Foots... ..................... Ron Parsons
Farell........... ............David Farell
David Grier, Director
Back Alley Players, Producers

have their uneven spots, they are pro-
vocative and entertaining.
Ella; (Kayjona Jackson), is trapped
in a bureaucraticly corrupt inner city
high school in "Job Security." A rebelli-
ous young black woman, Ella is driven
toward the brink of insanity by her
abusive and apparently ignorant teach-
Jackson, in her first performance
with the black, male Back Alley Play-
ers, portrayed the tormented Ella with
great realism. During a tantrum she
had, and when she stood meekly in her
pretty white dress, smiling coyly and
offering lethal bon-bons to her teachers,'
she was especially believable.
The final scene has Ella's teachers
eating pieces of poisonous candy. As
they writhe and retch to their deaths,
Ella stands singing proudly to the audi-
ence the song so well known to school
children, "My eyes have seen the Glory
of the burning of the school."
The stage is dominated by an eerie
New York City phone booth as the
second play begins. Grupta, (Thomas
Greene), one of the three characters in
"The Indian Wants the Bronx," is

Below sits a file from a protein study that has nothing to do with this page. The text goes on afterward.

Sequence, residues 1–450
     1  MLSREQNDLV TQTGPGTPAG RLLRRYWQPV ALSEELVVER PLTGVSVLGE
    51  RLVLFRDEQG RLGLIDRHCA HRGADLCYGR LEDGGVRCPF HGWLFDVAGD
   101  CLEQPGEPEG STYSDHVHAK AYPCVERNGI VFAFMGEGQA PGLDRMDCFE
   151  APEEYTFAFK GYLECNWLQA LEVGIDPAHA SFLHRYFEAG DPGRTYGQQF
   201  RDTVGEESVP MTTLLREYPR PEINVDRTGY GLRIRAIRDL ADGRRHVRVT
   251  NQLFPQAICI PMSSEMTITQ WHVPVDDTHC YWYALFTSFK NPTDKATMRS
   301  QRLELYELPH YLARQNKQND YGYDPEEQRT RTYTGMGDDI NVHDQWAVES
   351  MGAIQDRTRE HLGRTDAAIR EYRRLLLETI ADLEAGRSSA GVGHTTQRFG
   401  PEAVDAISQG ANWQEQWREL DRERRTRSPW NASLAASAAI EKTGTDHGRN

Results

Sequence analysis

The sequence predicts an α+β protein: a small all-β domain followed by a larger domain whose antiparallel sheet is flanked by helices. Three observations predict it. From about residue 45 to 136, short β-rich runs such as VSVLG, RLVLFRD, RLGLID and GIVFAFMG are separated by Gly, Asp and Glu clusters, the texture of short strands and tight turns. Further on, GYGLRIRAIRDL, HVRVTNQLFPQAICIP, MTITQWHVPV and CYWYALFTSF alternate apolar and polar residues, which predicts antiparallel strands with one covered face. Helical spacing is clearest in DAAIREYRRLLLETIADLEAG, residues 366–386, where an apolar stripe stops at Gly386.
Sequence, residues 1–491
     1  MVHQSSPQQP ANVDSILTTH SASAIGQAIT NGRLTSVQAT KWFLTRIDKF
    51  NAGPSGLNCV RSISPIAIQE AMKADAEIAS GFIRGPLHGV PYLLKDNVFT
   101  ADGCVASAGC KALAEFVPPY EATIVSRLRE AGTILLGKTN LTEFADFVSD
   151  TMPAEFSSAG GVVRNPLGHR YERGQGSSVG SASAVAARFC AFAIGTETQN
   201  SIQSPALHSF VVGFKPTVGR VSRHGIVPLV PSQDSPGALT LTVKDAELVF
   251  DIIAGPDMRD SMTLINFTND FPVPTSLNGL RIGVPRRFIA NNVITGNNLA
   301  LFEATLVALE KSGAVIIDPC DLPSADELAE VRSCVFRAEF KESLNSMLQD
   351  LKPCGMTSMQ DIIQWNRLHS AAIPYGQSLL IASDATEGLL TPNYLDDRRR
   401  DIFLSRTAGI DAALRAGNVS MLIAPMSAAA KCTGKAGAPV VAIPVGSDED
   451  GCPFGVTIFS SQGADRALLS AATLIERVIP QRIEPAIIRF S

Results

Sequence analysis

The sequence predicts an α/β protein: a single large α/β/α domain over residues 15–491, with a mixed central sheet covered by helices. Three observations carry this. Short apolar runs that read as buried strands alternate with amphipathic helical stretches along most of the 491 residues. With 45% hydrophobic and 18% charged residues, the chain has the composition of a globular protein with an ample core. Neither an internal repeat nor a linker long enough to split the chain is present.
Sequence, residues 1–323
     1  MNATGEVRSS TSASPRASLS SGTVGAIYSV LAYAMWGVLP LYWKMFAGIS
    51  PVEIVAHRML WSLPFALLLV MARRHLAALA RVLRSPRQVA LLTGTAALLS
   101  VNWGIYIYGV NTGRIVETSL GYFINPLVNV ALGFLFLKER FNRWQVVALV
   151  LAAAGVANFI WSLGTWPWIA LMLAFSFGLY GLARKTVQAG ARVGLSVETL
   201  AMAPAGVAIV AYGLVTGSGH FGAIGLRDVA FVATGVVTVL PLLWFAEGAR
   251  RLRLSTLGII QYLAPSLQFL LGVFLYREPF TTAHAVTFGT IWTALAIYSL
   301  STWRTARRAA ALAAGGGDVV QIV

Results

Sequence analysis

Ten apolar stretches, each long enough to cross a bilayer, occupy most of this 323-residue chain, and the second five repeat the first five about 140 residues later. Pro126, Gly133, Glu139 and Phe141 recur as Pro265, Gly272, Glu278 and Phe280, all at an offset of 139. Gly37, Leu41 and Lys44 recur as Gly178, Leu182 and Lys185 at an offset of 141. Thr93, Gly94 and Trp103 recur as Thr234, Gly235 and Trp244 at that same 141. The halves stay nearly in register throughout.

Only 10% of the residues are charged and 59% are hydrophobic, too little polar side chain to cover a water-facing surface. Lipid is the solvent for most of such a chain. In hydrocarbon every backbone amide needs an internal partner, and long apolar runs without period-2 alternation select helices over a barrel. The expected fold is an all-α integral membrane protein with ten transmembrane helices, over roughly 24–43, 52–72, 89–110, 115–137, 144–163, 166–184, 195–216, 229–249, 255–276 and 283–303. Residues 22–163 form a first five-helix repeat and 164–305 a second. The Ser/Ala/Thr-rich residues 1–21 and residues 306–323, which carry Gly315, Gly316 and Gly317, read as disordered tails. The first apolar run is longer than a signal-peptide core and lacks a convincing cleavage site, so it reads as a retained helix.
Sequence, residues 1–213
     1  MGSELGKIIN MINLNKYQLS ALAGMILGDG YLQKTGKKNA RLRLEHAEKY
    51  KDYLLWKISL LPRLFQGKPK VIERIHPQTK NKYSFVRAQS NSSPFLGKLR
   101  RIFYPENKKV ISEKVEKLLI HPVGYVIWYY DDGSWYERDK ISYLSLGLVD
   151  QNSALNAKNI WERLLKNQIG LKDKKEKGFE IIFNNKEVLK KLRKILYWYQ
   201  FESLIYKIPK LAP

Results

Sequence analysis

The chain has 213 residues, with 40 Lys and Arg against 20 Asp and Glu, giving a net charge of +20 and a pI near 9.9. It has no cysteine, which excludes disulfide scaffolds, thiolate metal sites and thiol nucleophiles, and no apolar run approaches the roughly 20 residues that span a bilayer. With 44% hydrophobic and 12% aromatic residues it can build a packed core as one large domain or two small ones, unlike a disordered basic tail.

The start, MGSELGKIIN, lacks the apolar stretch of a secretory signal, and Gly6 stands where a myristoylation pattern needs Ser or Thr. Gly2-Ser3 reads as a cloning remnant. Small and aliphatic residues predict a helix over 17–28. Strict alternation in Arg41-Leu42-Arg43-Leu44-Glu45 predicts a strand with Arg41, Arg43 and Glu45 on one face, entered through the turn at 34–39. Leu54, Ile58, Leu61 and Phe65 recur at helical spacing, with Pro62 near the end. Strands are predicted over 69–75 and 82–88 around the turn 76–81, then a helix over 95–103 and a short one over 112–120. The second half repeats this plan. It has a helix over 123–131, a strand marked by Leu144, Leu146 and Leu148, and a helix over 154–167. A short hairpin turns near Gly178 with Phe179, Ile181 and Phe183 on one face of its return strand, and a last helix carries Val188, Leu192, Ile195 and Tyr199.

standing alone by a bus stop. The only
light comes from the phone booth.
Murphy and Joey, (Tom Stack and B.
David Green), enter singing "Baby,
You Don't Care." As the thiree wait for

the bus, they pass the time and their
characters develop.
As 'the two New York street people
feel sorry for themselves and about
their position in the ghetto, they play
violent games and rough up the East-
Indian Grupta.
Grupta, who is lost in the city, speaks
no English and although he tries very
hard he, cannot answer their ques-
tions. Greene does his part well and is
amazingly convincable in his role.
Joey, the fidgity New York Jew, is
portrayed effectively by Green. He
starts out a little nervous and jumpy
but quickly gains control and becomes
a young man who doesn't know whether
to kill or to cry - and can't do either.
Stack's tough guy Murphy is a gem of
infantile brutality mixed with macho
bravado. His body control looks great
on stage as he saunters about looking
for a few kicks.
"The Toilet" takes place in a shabby
men's room, possibly in the same
school that was the setting for the first
play. Foots (Ron Parsons), a young
black high school student, has received